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Burundi Never Again: New York Vigil Calls For Intervention

New York's Burundian community and supporters held a candlelight vigil in front of the UN to honor the lives of those killed in Bujumbura.

Last Saturday, New York City’s Burundian community and their supporters held a candlelight vigil in front of the United Nations Headquarters to honor the lives of those killed during recent political violence on the streets of Burundi’s capital Bujumbura. According to human rights groups at least 400 people have been killed since April 26, when it was announced that Burundian president Pierre Nkurunziza would run for a third term. Nearly 3,500 people have been arrested in the political crisis and 220,000 people have fled the country.


Jean Claude Harabagabo left Burundi when he was 11 years old. His cousin, Nimbeshaho George, was one of 87 Burundians killed during the violence of December 11-12. “We want to bring attention to the massacres and ask to the international community to do something to protect the innocent civilian lives that the government of Burundi has not been able to protect” Harabagabo told Okayafrica during the rally.

On Saturday, Burundi's government rejected the African Union's plans to deploy a 5,000 peacekeeping force to stop escalating violence in the country. Currently in Burundi’s capital city of Bujumbura gunfire disrupts the nights and dead bodies are appearing on city streets almost every day. This has led many to warn of a potential genocide.

The African Union Peace and Security Council (PSC) insisted last Thursday that "Africa will not allow another genocide to take place on its soil," announcing that Burundi has "an urgent need for action to stop the killings.” Supporters of the president Nkurunziza dismiss the charge.

"The threat of genocide justifying this deployment is only a plot of government critics," the Burundian National Security Council statement said, read out by Minister of Public Security Alain-Guillaume Bunyoni. The AU Peace and Security Council has said it would send troops even if the government refused to accept it. African Union peacekeeping forces would have an initial renewable mandate of six

months.

For eight month now Burundians in the diaspora have been trying to get the attention of the international community warning of the potential massacres like the one last week. “We can’t trust the Burundian government to do the things they need to do to protect the civilians and also to put an end on the violence and the mass killings,” said Harabagabo.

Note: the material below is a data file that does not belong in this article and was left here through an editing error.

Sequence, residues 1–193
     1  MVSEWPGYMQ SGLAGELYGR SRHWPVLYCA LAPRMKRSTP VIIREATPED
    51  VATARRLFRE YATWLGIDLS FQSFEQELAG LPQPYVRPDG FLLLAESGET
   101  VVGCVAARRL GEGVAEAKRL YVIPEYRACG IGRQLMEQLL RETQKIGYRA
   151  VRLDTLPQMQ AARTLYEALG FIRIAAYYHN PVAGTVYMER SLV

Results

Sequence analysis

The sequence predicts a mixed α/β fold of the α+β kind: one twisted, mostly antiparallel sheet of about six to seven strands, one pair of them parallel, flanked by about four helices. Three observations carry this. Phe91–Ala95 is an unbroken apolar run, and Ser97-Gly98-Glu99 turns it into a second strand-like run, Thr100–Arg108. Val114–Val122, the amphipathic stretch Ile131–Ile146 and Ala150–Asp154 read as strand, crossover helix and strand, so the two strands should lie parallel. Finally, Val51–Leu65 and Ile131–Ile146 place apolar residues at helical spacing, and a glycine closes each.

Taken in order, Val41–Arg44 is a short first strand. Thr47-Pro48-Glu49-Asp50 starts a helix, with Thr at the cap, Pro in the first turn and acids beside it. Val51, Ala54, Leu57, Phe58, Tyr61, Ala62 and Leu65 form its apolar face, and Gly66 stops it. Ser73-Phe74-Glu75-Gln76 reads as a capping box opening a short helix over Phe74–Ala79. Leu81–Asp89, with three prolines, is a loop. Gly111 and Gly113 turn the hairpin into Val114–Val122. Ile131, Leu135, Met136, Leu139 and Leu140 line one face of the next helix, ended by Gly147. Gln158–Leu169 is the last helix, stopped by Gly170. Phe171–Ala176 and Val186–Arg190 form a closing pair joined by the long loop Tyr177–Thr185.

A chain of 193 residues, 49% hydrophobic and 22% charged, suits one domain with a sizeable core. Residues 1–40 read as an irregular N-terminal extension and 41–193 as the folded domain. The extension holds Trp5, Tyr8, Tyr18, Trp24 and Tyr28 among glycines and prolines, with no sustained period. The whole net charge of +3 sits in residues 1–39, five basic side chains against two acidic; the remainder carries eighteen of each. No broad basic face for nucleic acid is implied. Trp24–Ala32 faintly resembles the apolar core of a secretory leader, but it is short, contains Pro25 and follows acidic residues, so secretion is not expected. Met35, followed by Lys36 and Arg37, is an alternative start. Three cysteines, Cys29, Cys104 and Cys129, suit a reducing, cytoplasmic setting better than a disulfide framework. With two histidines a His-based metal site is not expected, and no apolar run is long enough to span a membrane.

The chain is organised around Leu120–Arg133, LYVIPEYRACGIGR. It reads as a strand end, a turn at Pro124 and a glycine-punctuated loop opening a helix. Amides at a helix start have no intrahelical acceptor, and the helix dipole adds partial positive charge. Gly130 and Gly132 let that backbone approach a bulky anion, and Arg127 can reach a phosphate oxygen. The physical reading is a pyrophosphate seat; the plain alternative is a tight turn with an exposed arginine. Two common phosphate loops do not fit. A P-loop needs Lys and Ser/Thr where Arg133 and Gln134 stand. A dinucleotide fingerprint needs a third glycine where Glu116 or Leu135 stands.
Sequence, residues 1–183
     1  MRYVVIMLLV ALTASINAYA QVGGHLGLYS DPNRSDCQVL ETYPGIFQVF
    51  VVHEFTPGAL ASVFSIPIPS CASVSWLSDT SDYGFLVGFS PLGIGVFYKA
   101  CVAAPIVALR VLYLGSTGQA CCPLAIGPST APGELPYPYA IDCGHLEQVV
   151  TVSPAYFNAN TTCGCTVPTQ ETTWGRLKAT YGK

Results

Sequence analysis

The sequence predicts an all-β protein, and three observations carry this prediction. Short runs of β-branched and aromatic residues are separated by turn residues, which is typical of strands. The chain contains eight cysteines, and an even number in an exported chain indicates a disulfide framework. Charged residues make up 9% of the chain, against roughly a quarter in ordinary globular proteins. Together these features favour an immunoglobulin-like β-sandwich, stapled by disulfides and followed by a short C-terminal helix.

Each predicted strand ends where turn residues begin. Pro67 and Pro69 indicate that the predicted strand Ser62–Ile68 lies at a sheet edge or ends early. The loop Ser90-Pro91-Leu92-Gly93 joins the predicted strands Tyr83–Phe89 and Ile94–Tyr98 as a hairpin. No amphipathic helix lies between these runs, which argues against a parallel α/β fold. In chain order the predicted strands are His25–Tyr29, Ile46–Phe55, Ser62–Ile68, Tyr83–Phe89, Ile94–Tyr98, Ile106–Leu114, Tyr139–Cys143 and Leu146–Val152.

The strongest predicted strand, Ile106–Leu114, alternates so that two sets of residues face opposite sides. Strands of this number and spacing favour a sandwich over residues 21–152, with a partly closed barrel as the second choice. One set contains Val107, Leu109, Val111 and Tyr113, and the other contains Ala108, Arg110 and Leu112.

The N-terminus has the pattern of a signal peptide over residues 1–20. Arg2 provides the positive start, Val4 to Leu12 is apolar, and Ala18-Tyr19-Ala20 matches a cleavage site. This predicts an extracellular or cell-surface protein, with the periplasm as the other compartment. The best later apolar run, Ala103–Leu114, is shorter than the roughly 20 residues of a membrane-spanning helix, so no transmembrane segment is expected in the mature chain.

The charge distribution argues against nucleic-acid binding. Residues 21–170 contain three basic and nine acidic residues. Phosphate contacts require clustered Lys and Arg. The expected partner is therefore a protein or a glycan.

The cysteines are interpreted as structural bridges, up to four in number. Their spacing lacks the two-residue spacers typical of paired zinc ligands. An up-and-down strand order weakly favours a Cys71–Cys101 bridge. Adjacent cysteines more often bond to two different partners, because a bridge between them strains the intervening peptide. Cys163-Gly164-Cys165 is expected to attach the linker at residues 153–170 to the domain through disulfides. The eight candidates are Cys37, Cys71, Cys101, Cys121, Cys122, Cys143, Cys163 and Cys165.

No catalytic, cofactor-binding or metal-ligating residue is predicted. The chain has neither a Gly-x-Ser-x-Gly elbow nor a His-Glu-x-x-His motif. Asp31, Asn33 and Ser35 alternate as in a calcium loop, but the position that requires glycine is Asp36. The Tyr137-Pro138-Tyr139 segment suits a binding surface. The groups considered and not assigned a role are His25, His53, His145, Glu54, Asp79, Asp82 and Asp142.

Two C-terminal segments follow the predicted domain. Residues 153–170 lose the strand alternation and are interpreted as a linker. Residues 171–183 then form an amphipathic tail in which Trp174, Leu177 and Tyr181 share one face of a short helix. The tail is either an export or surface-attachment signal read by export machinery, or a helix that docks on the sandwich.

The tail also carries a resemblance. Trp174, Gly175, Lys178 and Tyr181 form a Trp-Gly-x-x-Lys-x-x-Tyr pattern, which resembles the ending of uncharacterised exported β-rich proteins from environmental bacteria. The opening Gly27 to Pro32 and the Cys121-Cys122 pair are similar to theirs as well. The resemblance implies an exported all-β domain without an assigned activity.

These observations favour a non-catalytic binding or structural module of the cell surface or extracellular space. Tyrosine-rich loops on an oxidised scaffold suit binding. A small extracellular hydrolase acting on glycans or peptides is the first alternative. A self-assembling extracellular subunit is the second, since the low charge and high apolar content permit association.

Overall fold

New York vigil for Burundi, December 19, 2015. Photo: Okayafrica.

David Druce, a New York public school teacher with ties to Burundi came to the vigil out of concern for the violence. “I teach in New York public school system where it’s mandatory to learn about Rwandan genocide,” Druce told Okayafrica. “The American government’s embarrassing silence then led to the deaths of thousands of innocent people. I am here to support my friends and to push the United Nations and American leaders to act on this”

The United Nations Security Council, in a statement Saturday, expressed "deep concern about the escalation of violence in Burundi," condemning both the attack on the military installations and the retaliatory rampage in Bujumbura. The council urged all sides in Burundi to support Ugandan President Yoweri Museveni's mediation effort and to cooperate with the African Union's plan to deploy a peacekeeping force.

Nkurunziza's third term was opposed by many Burundians who say it violates the country's constitution two-term limit. Nkurunziza argues that his first term in office does not count because he was elected by parliament and not by the people.

Interview

A Candid Conversation With Olamide & Fireboy DML

We talk to the Nigerian stars about the hardest lessons they've learned, best advice they've ever been given and what Nigeria means to them.

Olamide and Fireboy DML have been working together for three years, but the first time they sit down to do an interview together is hours after they arrive in New York City on a promo tour.

It's Fireboy's first time in the Big Apple — and in the US — and the rain that's pouring outside his hotel doesn't hinder his gratitude. "It's such a relief to be here, it's long overdue," he tells OkayAfrica. "I was supposed to be here last year, but Covid stopped that. This is a time to reflect and refresh. It's a reset button for me."

Olamide looks on, smiling assuredly. Since signing Fireboy to his YBNL Nation label in 2018, he's watched the soulful young singer rise to become one of Nigeria's most talked-about artists — from his breakout single, "Jealous," to his debut album Laughter, Tears & Goosebumps, hit collabs with D.Smoke and Cuppy, and his sophomore release, Apollo, last year.

Even while he shares his own latest record, UY Scuti, with the world, Olamide nurtures Fireboy's career with as much care and attention as he does his own, oscillating between his two roles of artist and label exec seamlessly. His 2020 album Carpe Diem is the most streamed album ever by an African rap artist, according to Audiomack, hitting over 140 million streams. When Olamide signed a joint venture with US-based record label and distribution company, Empire, in February last year he did so through his label, bringing Fireboy and any other artist he decides to sign along for the ride, and establishing one of the most noteworthy deals on the continent.

Below, Olamide & Fireboy DML speak to OkayAfrica about their mutual admiration for each other, what makes them get up in the morning and how they switch off.

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